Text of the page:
MDM discusses ‘shifting from product centric to customer centric’ at TCI Insurance Summit 2016

Feb 1st, 2016

Gary Allemann, MD at Master Data Management

Tough economic conditions, increased regulatory oversight and increased competition are three key challenges facing the insurance industry. This has given rise to an increased focus in how insurance companies can modernise how they view and interact with customers by improving their ability to understand the customer’s needs and risk profile. The benefits are significant and include providing more flexibility in how customers can interact with the insurance business, delivering a more consistent customer experience across multiple channels and importantly, reducing risk.

Gary Allemann, MD at Master Data Management, will discuss these issues and more at the TCI Insurance Summit 2016, to be held at the Indaba Hotel, Fourways, on the 1st and 2nd of March.

He says, “One of the challenges hindering enhanced customer engagement and assessment is aging and complex legacy IT architectures that were designed to support a siloed business model. They may no longer provide the flexibility to compete effectively, deliver an exceptional customer experience and provide an accurate view of their customer risk profile. Customer data — the information we use to assess risk, to invoice our customers, process their claims and that underpins our communication for marketing and operational purposes — is critical for insurance companies.”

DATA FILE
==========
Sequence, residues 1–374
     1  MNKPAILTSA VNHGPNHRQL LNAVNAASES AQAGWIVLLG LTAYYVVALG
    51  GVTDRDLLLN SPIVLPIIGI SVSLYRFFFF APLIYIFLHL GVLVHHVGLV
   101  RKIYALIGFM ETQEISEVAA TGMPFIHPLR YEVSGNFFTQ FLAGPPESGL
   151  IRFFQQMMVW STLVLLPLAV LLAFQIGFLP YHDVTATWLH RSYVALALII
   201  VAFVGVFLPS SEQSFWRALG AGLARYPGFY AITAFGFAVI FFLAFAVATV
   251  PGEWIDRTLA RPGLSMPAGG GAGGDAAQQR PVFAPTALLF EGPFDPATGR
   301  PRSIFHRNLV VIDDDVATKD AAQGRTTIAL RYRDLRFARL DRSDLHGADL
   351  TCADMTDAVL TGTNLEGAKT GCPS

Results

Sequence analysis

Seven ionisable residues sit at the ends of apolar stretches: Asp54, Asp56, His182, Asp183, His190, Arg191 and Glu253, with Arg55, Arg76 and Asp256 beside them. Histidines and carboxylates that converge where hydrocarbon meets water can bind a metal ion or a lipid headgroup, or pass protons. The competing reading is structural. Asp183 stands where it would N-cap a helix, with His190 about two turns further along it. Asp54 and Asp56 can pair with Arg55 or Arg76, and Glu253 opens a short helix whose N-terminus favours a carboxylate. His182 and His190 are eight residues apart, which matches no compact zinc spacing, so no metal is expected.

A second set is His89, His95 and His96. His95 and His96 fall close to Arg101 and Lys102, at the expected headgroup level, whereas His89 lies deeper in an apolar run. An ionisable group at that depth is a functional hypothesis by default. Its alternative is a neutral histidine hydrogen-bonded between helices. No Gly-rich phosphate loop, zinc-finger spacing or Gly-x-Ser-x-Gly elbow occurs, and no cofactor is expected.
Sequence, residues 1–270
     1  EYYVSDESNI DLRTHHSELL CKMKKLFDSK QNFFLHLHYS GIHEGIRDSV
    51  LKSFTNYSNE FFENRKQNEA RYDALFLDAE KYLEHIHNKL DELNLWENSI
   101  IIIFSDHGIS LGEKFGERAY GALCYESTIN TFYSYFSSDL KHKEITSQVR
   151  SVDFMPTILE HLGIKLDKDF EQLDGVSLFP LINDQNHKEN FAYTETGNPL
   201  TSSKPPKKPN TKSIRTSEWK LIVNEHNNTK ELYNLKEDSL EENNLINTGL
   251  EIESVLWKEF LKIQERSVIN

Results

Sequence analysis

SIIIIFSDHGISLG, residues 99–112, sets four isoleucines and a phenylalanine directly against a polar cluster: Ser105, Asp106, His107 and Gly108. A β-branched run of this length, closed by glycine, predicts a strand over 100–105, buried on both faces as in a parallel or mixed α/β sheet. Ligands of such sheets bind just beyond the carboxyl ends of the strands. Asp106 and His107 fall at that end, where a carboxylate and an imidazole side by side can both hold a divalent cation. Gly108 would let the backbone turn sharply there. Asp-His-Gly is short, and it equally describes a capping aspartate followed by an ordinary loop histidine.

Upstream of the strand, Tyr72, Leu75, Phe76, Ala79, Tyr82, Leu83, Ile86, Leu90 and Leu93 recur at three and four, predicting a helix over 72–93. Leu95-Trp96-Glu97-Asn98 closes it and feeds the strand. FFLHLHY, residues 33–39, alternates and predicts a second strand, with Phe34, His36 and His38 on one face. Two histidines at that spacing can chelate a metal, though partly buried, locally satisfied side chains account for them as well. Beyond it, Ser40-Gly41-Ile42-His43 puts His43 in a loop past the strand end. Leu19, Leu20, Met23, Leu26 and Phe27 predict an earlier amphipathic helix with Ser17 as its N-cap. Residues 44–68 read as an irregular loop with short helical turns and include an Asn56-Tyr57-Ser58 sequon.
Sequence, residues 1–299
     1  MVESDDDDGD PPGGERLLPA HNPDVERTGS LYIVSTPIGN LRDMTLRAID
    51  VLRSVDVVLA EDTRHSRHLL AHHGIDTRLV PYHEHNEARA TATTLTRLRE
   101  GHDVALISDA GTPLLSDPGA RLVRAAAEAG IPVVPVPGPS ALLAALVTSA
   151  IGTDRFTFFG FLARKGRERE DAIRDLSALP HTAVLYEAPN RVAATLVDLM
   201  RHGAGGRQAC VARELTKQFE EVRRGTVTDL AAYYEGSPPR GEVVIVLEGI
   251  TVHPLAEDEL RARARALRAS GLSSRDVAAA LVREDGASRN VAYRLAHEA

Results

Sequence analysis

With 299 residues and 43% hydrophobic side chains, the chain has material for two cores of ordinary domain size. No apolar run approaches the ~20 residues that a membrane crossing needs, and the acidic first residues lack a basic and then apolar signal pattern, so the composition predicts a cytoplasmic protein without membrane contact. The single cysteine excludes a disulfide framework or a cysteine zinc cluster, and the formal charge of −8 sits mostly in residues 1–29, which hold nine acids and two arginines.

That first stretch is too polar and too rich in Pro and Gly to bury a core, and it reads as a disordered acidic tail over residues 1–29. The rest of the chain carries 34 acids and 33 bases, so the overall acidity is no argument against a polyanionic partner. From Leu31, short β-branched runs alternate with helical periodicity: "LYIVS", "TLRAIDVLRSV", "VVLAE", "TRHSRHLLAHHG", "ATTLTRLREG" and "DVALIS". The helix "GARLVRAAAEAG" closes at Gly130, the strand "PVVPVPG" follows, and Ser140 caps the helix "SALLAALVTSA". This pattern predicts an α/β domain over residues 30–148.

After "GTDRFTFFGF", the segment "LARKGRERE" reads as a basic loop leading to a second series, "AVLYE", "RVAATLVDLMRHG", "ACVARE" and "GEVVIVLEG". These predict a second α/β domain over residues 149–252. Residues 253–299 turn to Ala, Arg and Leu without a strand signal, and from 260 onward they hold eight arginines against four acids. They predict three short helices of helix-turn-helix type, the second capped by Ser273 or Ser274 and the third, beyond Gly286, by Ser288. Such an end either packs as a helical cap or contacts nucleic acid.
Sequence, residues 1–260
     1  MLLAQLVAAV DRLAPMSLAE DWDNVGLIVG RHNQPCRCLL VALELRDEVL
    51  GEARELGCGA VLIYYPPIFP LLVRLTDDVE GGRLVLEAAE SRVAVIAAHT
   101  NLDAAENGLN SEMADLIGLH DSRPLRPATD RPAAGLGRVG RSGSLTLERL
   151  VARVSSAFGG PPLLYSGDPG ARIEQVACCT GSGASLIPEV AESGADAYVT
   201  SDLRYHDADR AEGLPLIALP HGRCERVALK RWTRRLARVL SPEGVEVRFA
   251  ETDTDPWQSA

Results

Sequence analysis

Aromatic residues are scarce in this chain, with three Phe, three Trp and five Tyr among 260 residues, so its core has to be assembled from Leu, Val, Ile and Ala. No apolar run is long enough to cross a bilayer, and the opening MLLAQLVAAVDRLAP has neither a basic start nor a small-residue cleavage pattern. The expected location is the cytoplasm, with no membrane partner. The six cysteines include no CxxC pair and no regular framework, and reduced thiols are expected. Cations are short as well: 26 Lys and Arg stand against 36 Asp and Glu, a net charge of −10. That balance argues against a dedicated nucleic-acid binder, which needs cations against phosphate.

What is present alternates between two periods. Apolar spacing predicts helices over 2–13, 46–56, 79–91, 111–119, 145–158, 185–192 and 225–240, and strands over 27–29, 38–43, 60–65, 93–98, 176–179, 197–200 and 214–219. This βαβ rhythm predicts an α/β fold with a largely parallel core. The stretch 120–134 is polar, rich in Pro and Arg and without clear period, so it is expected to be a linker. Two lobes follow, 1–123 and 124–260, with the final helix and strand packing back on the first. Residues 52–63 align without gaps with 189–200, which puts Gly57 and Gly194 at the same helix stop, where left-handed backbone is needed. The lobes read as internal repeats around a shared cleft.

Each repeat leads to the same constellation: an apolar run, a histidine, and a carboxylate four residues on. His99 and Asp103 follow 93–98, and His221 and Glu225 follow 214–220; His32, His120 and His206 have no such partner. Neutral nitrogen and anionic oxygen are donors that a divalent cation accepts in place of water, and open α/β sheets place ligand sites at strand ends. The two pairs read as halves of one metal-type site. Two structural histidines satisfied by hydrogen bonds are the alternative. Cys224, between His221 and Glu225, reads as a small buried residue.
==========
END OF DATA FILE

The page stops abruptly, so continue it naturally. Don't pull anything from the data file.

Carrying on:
An example of this fragmented data is in some instances, insurance companies may have a blend of individual and corporate clients, housed in different segments and with different risk profiles. Relationships such as husband and wife, parent and child, or owner and business, may be critical to provide an accurate client picture and ensure appropriate products, service levels and risk management.

Allemann adds, “Becoming customer centric is, of course, not just an IT problem.  Existing business processes and channels must be redesigned to focus on the customer. This may require a significant mind shift, particularly in larger business where product siloes are entrenched and have been largely autonomous for decades.”

IT systems and data siloes must be integrated to support these new ways of doing business.  Companies are embarking on journeys to modernise their legacy IT infrastructure and to introduce new capabilities to support the modern insurance business. Transforming to a customer centric company requires business and IT to work more closely together.

This is supported by research house Gartner, where they highlight that business executives such as the Chief Marketing Officer are becoming more influential in driving technology decisions, and may even have bigger technology spend than IT.

Allemann concludes, “The upshot is that business must take the lead as the role of data in achieving business goals is becoming more apparent.  Data is the new oil and customer information must be treated as such in order for insurance businesses to remain competitive, garner customer loyalty through an enhanced customer experience and reduce risk.